The causes of this behavior vary. The commitment to being right, following the rules and attempting to be perfect can frequently stem from childhood – often an overly strict parent or caregiver features a prominent role of enforcing this compulsion. While you may not have much sympathy for a perfectionist when they critique you for the millionth time, remember that perfectionists frequently have a lifelong battle with guilt, inadequacy and the feeling of not measuring up. This may help reduce your own indignation in-the-moment and allow you to navigate conflict with more compassion.
Perfectionists are usually the hardest on themselves. However, with the right support and understanding from the people around them, they can grow into healthier patterns of thinking and leadership.
So what can you do to help your perfectionist?
Quite a lot actually. While they may be your boss, you can still lead by influencing your boss towards health.
- Take them seriously. Often they are very good at the functional aspects of their role – so show respect where it is due.
- Don’t over-commit. Communicate clearly what you will do – and stick to it.
- Bridge friction by collaborating on how things can be optimized/improved.
- Openly admit your mistakes. They will often respect you for it.
- Avoid directly contradicting them. Instead, suggest.
- Invite them to consider your point of view by explaining why you think it is the right path to take, appealing to their values, and speak with conviction.
- Ask for what you want directly.
- Help them properly express anger, not hold it in. (This will be hard if you tend to avoid conflict, but it is the best thing for them and your relationship.) Honesty is paramount.
The ultimate goal for a perfectionist is overcoming their own self-criticism by accepting the flaws within themselves. Acceptance of self is the key to enabling an idealist to accept that the world is imperfect, and let go of their bitter disappointment in it.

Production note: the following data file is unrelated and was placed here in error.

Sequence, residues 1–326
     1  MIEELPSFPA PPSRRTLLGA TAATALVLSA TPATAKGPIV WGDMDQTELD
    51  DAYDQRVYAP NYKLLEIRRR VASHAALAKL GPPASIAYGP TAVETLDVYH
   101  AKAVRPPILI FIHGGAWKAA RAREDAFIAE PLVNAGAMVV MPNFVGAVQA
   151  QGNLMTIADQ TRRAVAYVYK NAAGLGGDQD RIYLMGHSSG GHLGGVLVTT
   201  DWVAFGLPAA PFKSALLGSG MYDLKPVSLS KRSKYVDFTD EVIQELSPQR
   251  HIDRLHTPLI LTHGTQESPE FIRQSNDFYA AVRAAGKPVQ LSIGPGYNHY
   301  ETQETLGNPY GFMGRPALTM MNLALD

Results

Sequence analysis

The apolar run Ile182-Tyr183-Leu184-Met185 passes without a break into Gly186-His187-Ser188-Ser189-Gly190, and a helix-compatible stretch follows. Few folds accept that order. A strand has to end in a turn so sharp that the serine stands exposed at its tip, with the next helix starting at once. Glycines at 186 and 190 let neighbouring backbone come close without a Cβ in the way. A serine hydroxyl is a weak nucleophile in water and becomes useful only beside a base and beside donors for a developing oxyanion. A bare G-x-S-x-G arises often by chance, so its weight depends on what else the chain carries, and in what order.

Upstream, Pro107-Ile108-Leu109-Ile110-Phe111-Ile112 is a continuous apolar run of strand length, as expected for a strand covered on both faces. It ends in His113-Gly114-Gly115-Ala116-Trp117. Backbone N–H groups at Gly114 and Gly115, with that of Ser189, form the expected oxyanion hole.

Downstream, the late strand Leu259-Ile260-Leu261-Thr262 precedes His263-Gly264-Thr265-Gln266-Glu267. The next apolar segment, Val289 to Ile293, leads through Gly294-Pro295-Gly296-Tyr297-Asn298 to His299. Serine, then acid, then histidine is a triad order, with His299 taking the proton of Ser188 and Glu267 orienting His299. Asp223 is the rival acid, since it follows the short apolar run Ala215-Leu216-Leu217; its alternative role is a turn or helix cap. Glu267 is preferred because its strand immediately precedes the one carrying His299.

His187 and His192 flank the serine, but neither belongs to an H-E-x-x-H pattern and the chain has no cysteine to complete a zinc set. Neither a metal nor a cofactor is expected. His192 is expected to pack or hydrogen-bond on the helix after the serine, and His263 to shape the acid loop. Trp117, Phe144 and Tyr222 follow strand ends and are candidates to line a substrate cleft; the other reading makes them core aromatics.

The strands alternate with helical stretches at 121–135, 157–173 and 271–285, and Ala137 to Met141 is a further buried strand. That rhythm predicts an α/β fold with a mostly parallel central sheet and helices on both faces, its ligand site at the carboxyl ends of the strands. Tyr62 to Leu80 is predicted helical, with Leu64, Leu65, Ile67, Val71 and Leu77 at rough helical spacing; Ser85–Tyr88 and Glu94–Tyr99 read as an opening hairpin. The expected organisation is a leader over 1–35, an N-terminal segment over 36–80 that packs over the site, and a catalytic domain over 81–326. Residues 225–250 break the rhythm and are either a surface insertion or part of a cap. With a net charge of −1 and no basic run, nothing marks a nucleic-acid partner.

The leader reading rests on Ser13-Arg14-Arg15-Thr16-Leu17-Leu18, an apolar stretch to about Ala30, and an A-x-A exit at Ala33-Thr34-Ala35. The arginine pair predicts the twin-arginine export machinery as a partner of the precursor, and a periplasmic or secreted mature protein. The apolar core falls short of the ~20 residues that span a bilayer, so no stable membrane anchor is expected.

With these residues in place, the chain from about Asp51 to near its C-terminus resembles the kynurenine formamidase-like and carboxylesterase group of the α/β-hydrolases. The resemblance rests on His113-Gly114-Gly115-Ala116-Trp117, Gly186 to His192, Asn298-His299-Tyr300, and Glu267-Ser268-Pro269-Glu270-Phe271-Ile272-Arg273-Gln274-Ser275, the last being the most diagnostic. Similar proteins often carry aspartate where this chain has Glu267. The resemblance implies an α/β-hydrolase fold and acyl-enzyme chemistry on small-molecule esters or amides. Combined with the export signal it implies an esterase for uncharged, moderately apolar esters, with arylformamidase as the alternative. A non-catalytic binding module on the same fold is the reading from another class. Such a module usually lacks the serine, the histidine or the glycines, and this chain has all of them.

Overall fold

You can help them get there by:
- Be encouraging, and affirm their commitment to integrity.
- Challenge them if their expectations of themselves or others are unreasonable.
- If you need to challenge certain leadership flaws, try to do so outside of the work environment in a more social setting (after-work drinks).
- Gently help them see that they are being too rigid in their thinking. Encouraged openness by referencing past examples and facilitating solution-orientated discussion. “Blue-Sky” brainstorming where all limitations are put aside to brainstorm is a good exercise for the perfectionist, forcing them to aside criticism.
Your goal is to help your perfectionist fixate less on right/wrong and more on growth and improvement. In this way, their commitment to “right” is transformed into a commitment to growth. To this end they become less phobic of their own failure and critical of failure in others and become increasingly more gracious – recognizing that failure is a necessity for the growth they strive for.
A maturing perfectionist must exchange a need for perfection for an appetite for growth.
Invite them to participate in open thinking exercises.
Show respect where it is due.
Be honest about your intentions and failures.
Understand their value system and appeal to it when to directly challenge them.
AT UHY Haines Norton we’re not just numbers numbers– we’re people experts, we know that long-term success in business is a result of great leadership. Businesses succeed when teams work well together, overcome personal differences, and leaders maximize the strengths of their team while mitigating the challenges of leading strong and contrasting personalities in their organizations.
We created our Business Improvement and Coaching services to equip business leaders to navigate the challenges of leading a diverse collection of people, overcoming personality differences and cultivating healthy teams.
Talk with us, and let’s discuss how you can get your team functioning at peak health and productivity.
Stay tuned for more…